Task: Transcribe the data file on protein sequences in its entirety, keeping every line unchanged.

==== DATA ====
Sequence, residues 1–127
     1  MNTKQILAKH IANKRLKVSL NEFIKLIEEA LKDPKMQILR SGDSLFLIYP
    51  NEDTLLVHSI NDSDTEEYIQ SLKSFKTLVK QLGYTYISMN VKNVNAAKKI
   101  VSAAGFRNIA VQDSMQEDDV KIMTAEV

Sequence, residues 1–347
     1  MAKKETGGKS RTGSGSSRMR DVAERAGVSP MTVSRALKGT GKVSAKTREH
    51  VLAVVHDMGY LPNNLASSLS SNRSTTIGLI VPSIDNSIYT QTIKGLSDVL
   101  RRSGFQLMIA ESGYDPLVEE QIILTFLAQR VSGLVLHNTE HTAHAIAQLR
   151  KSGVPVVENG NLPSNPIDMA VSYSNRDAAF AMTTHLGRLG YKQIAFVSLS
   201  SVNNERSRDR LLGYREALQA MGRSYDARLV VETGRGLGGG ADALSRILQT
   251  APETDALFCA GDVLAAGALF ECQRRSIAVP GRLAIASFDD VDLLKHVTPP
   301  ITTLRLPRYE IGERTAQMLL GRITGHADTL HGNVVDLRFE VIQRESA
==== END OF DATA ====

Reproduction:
Sequence, residues 1–127
     1  MNTKQILAKH IANKRLKVSL NEFIKLIEEA LKDPKMQILR SGDSLFLIYP
    51  NEDTLLVHSI NDSDTEEYIQ SLKSFKTLVK QLGYTYISMN VKNVNAAKKI
   101  VSAAGFRNIA VQDSMQEDDV KIMTAEV

Sequence, residues 1–347
     1  MAKKETGGKS RTGSGSSRMR DVAERAGVSP MTVSRALKGT GKVSAKTREH
    51  VLAVVHDMGY LPNNLASSLS SNRSTTIGLI VPSIDNSIYT QTIKGLSDVL
   101  RRSGFQLMIA ESGYDPLVEE QIILTFLAQR VSGLVLHNTE HTAHAIAQLR
   151  KSGVPVVENG NLPSNPIDMA VSYSNRDAAF AMTTHLGRLG YKQIAFVSLS
   201  SVNNERSRDR LLGYREALQA MGRSYDARLV VETGRGLGGG ADALSRILQT
   251  APETDALFCA GDVLAAGALF ECQRRSIAVP GRLAIASFDD VDLLKHVTPP
   301  ITTLRLPRYE IGERTAQMLL GRITGHADTL HGNVVDLRFE VIQRESA